Ian Smart: Waiting for independence to just happen by

SUPPOSEDLY, the great political divide in Scotland is between those who believe, on the one hand, that it is possible to be both Scottish and British and those, on the other, who do not. But, actually, it is between those who see no politics beyond Holyrood and those otherwise minded.

My MP, Greg McClymont, is a bright guy. Between Christmas and New Year he co-published a paper seeking to draw lessons from Labour in Opposition in the 1930s and 1980s that might assist our party in regaining power at Westminster in 2015. Its timing got considerable media coverage. Well done Greg.

On the view of Scottish politics we are encouraged to embrace by others however, what conceivably was Greg, as one of Labour’s rising stars, doing wasting his time in this manner? Surely, by the time of the 2015 General Election, Scotland will have long since voted for independence and all of this will be largely irrelevant? If he wants to expend intellectual effort as a “Unionist”, surely it should be to prevent that eventuality? And indeed, shouldn’t that also be the primary task of Jim Murphy and Douglas Alexander; and, indeed, Ming Campbell and Charlie Kennedy, never mind Liam Fox or Mary Macleod, who, although representing English constituencies, would surely suffer damage to their long-term Westminster careers if they suddenly became citizens of a foreign country? What are they all playing at?

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One of my great political teachers was the late Norman Buchan. And one of the lessons I learned from him was that if I really wanted to know what was going on I should not have regard to politicians but rather to the financial newspapers.

So, let us consider what would be going on in Scotland if there were a widespread belief that we would be independent within the next five years? Our major public companies, ultimately controlled here or otherwise: Standard Life; RBS; Scottish Power and the like, would have significant resources deployed in war-gaming what that would mean for their individual business. They don’t. Foreign powers, particularly the USA, would be in discreet talks with the Scottish Government as to the likely orientation of its foreign and defence policy. They aren’t. With or without the consent of the UK government, the European Union would be considering the exact terms of Scottish continued membership. It’s not. At a mundane level, Westminster MPs and their employees would be making plans as to how they might enjoy a continued livelihood. They’re not; even the SNP ones.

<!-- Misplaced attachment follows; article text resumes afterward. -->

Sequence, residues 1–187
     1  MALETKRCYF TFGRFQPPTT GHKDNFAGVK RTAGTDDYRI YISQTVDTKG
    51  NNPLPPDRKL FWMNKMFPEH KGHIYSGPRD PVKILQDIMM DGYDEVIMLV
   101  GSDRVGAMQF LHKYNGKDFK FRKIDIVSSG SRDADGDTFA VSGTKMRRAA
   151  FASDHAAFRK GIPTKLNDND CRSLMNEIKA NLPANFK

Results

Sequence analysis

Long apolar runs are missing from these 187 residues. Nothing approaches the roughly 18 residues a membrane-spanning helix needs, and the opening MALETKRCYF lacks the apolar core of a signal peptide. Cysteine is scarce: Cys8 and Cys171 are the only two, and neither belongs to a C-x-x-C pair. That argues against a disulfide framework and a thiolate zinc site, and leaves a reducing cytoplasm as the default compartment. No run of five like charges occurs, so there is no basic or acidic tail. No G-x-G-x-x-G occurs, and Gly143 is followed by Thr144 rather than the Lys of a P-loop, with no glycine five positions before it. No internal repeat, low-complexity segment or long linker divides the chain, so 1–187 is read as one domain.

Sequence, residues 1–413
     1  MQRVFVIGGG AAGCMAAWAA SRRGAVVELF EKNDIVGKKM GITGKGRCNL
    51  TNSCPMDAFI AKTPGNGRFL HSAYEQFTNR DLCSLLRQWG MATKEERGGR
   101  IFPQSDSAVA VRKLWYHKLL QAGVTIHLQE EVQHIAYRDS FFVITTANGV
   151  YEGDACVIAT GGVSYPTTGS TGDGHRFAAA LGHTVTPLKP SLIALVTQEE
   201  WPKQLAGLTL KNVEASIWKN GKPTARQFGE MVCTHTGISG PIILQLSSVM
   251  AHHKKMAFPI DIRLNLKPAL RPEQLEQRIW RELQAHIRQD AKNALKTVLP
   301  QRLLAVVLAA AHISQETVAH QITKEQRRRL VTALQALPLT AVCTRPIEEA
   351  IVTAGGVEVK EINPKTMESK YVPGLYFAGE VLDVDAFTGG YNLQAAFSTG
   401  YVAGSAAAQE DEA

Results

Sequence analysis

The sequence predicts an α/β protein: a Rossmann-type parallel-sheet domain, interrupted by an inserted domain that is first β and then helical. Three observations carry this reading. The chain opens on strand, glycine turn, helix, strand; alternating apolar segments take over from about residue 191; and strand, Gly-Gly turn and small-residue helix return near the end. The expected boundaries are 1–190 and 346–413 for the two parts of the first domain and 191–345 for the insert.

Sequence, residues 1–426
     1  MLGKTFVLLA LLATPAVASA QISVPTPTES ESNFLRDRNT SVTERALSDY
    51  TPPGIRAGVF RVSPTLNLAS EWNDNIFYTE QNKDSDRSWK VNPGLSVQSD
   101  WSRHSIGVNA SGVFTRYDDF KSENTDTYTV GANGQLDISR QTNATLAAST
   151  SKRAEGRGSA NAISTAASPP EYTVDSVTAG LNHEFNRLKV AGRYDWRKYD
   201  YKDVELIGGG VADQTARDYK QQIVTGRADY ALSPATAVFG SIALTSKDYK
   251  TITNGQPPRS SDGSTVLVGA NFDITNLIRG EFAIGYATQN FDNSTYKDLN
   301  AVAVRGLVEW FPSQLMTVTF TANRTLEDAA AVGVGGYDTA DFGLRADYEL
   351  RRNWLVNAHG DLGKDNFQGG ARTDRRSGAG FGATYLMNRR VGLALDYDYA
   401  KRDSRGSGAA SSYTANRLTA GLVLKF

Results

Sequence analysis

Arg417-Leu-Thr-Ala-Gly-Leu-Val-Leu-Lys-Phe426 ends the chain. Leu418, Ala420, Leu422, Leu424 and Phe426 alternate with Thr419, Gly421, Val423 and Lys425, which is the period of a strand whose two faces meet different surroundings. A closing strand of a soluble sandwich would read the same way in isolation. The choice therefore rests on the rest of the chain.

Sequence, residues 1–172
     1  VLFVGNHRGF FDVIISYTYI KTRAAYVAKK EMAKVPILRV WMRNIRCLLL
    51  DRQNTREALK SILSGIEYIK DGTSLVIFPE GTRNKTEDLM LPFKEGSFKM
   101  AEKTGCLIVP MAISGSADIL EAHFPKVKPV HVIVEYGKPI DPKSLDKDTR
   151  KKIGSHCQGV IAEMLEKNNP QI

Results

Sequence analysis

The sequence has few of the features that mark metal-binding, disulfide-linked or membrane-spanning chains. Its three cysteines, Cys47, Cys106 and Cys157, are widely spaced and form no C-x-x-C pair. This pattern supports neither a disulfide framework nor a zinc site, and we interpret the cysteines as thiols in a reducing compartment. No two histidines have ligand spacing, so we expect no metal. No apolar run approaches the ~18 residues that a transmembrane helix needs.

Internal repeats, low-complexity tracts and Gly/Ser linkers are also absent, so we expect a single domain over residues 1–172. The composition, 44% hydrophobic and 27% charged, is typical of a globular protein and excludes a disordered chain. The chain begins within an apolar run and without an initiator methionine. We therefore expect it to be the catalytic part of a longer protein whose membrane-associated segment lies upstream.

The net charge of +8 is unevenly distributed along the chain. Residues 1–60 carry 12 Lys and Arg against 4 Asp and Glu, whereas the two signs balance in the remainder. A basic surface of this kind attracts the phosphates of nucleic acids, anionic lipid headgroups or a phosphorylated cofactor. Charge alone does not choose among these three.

Out on the internet, and in the occasional foreign newspaper relying on the internet largely as its source, Scotland is marching towards independence. In the real world it remains the case that it is difficult even to persuade up-and-coming Labour politicians, or Tories, that, given the choice, the Scottish Parliament is where they ought to expend their efforts. Just as in the real world, despite a domestic opposition in disarray, the Nationalists try to claim inevitable victory from a single opinion poll that gives record 38 per cent (38 per cent!) support, while in reality being reluctant to name a date for the actual question to be put. We are asked to believe that they believe Gramsci’s famous maxim but in reverse: that they enjoy optimism of the intellect but suffer pessimism of the will.

The number one priority for Scotland in 2012 is getting people back to work. That largely depends on macroeconomics. Getting that sorted, we on the left would argue, requires the collapse of the coalition and a UK Labour government. It would certainly be helped by Hollande winning in France and Obama being re-elected with a Congressional majority but, on any view, macroeconomic initiative is beyond Scotland alone, as it would be even if we were miraculously “Independent”.

Those of us, however, who believed in devolution in the first place always thought devolved government’s contribution could be on the supply side. Better training more integrated with the demands of industry; collective marketing of our export sectors; strategic investment in infrastructure; selective financial support for innovation. Making our difference from England a competitive mark of our distinction, not the expression of our imagined grievances.

That’s what the Scottish Government could be doing here and now. Instead it proposes to do nothing while it sits about waiting for independence. Forever.

• Ian Smart is a lifelong member of the Labour Party and a former president of the Law Society of Scotland